Real Men Eat Quiche, some even make it

Quiche is basically a pie shell filled with an egg custard. Once we under stand how basic and simple it can be, we can get creative. I think the most popular is the basic spinach and bacon quiche, anyone can fry some some bacon and toss some raw spinach into a pie shell and pour the custard over them. About the only thing left to be creative about is how much salt and pepper. The great thing about a quiche is its simplicity and rather forgiving custard. For those in a hurry, just use the frozen pie shells found in any mega mart. Once I made my first real pie crust, and it was a failure, I was hooked on doing it myself. No stinking pie crust was going to get the better of me. How do you fail at a pie crust, too much butter and when blind baked it all slid to the bottom of the pan, bummer. BUT, you can always put some cinnamon and sugar on top and tell the kids its desert. So here I am, going to make a quiche, but also thinking I might like a Mexican / SouthWestern version, and while I’m at it, how about a cornmeal crust, after all I am also thinking about a good Tamale. For those that haven’t worked with cornmeal, it doesn’t hold its shape, it’s soft like a muffin.
After some time on the Internet I decided to make this a deep dish quiche, adding to the cornmeal’s limitations. What I came up with was a dough of 80 percent cornmeal and 20 percent flour, add some egg and cheese and it should hold its shape and not crumble. Yet still be cornmeal.
Cornmeal Crust: For one 9 inch spring-form pan
  • 2 1/2 cups yellow cornmeal
  • 3/4 cup all purpose flour
  • 6 to 8 ounces Cheddar Cheese, grated (about 1 to 1 1/2 cups)
  • 1 tablespoon sugar
  • 1/2 teaspoon salt
  • 2 large eggs
  • 1 cup reduced fat (2%) milk
  • 3 tablespoons olive oil
I oiled and parchment papered the spring pan sides to help release and keep the crust together after baking and cooling. Use the 2/3’s of the crust mixture to build the sides and after it’s basically in place, use the remaining 1/3 portion for the bottom of the pan. I used parchment paper in addition to oil on the sides because if the cornmeal stuck to the pan sides, I would pull the cornmeal away from the filling. Just being safer than sorrier.since I still didn’t know how firm the crust would be.  As it turned out, the parchment paper adhered to the cornmeal and had to be pealed off.  As thick as the crust was though, a paring knife slid between the cornmeal and metal would have probably worked. Since I would prefer a thinner crust next time, I will stick with the  parchment paper. I like to use the outside of a measuring cup to shape and smooth the inside. Different sized of cups will determine the top to bottom radius of the crust. Now blind bake the crust for 15 to 20 minutes or it starts to brown in a preheated 400 degree oven, remove from oven and set aside. Chipotle Chicken Filling: Custard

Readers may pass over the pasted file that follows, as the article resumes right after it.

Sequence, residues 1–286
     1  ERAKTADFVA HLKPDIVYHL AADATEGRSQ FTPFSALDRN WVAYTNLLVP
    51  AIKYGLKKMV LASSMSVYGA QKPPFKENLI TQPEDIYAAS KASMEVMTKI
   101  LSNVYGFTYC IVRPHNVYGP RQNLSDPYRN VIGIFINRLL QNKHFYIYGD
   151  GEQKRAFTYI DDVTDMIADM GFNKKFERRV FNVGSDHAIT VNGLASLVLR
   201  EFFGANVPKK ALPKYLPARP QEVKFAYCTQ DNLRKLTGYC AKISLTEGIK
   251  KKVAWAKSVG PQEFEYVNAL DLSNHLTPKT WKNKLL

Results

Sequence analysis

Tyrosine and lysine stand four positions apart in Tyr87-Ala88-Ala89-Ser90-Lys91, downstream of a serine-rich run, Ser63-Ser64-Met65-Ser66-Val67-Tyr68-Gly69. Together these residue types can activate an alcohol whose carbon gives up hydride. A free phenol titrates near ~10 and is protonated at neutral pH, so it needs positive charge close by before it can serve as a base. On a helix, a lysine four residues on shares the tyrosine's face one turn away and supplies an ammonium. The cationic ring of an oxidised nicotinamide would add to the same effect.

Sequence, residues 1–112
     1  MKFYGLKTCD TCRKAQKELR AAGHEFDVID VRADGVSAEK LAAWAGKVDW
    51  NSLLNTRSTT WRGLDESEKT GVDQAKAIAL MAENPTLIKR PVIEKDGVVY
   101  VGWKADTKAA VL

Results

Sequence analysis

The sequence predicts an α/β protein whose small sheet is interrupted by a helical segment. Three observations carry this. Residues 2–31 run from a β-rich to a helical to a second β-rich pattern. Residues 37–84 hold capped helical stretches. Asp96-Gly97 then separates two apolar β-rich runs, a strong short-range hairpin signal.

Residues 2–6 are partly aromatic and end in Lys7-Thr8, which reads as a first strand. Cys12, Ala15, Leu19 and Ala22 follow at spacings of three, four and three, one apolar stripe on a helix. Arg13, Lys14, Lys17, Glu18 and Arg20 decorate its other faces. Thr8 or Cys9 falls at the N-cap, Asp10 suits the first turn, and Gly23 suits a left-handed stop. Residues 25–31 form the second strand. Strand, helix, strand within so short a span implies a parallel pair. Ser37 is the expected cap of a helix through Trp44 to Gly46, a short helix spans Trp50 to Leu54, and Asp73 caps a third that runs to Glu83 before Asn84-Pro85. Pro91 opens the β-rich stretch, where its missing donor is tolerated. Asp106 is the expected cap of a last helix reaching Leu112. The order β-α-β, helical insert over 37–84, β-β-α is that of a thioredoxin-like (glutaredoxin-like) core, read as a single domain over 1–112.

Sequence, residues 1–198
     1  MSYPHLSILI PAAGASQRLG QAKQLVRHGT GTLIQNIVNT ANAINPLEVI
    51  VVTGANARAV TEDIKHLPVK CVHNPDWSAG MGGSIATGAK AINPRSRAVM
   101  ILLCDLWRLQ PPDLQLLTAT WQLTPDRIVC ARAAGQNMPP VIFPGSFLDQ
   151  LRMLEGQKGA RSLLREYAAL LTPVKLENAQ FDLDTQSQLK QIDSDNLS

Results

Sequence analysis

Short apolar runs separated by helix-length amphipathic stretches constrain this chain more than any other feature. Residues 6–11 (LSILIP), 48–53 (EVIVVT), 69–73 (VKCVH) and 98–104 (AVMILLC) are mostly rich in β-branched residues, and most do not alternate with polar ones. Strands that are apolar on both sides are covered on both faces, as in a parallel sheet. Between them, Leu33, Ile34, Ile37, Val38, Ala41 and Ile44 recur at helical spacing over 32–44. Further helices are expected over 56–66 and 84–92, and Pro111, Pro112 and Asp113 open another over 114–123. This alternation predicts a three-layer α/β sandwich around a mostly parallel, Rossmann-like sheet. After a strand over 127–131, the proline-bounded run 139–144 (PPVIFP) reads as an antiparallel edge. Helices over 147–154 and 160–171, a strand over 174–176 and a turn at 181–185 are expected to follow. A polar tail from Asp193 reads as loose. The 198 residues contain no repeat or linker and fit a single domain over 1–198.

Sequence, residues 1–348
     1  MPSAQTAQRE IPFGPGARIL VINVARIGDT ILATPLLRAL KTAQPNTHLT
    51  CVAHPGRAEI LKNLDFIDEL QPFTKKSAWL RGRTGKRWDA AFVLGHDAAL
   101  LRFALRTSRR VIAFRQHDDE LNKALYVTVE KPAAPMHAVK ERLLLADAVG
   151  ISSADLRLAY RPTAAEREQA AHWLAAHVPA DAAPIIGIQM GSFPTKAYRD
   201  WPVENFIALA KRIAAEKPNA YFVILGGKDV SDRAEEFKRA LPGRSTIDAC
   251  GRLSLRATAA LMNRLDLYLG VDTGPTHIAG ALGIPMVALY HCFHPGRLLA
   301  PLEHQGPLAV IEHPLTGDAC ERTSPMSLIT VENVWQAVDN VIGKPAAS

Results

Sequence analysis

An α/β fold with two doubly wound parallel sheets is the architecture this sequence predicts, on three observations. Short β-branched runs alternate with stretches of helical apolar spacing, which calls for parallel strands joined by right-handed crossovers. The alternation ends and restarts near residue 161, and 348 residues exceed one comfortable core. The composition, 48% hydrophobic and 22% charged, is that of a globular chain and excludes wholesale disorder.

• large eggs
  • cups plain fat-free Greek yogurt
  • cup milk
  • teaspoon ground cumin
  • teaspoon chili powder
Chicken Chipolte
  • 1/2 teaspoon salt
  • tablespoon ground chipotle chili pepper
  • 2 to 3 boneless chicken breast,cut into 1/2 inch pieces 
  • cups Mexican mix shredded cheese
  • 1 can whole chiles
  • 1 can chopped chiles
Note: Chili powder and chipolte Chile powder is not the same. Chipolte is a smoked hot pepper, found in the Mexican spice section as whole chiles Cook chicken with chipotle chili powder until tender, season to taste. Combine yogurt, milk, cumin, chili powder and eggs and blend together. Layer your grated cheese, green chilies and chicken. 2 to 3 layers each. Pour custard over layered chicken and cheese, bake in a 325 degree oven for an hour.   Mix a couple of tablespoons of tomato paste with a southwestern seasoning of your choice, I used a variation of Emeril’s southwestern rub. After an hour in the oven spread a thing layer of paste and rub on top of the quiche. Return to oven for another 30 plus minutes. When internal temp reaches 160-165 degrees, remove from oven and let rest at least 40 minutes.   Even with waxed paper and spray the cornmeal crust may still stick. I have to strip paper off the quiche sides after the spring-form sides had been removed, I also used a thin slicer to slide between the crust and bottom of the spring form so the over sized quiche did not split. Cut into wedges and serve. My preference is to make quiche a day ahead of time, refrigerate and then reheat and serve. Firmer shape and a better melding of flavors. After the fact:  The chicken and chipolte flavors where very mild, yet distinct. A winner in our opinion. The crust came out nice and firm with a great flavor.  Just what I wanted to accomplish and now knowing this I would build the next version with a thinner crust. I would roll out the crust, between sheets of plastic wrap if necessary and piece into the spring-form. Easy to do, use spring-form bottom and sit on top of crust and trim around. The press edged inwards a bit and attach the spring side with waxed paper already oiled in place. Place trimmed strips of crust onto the sides and press to stick. Then take the surplus crust, roll out like a 1/4 inch rope and with an egg wash, press into the bottom seam between sides and bottom. This will provide a thinner and more aesthetic crust when the pie is sliced. I would also serve with a salsa served on the side.
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Wonderful Curry from Jamaica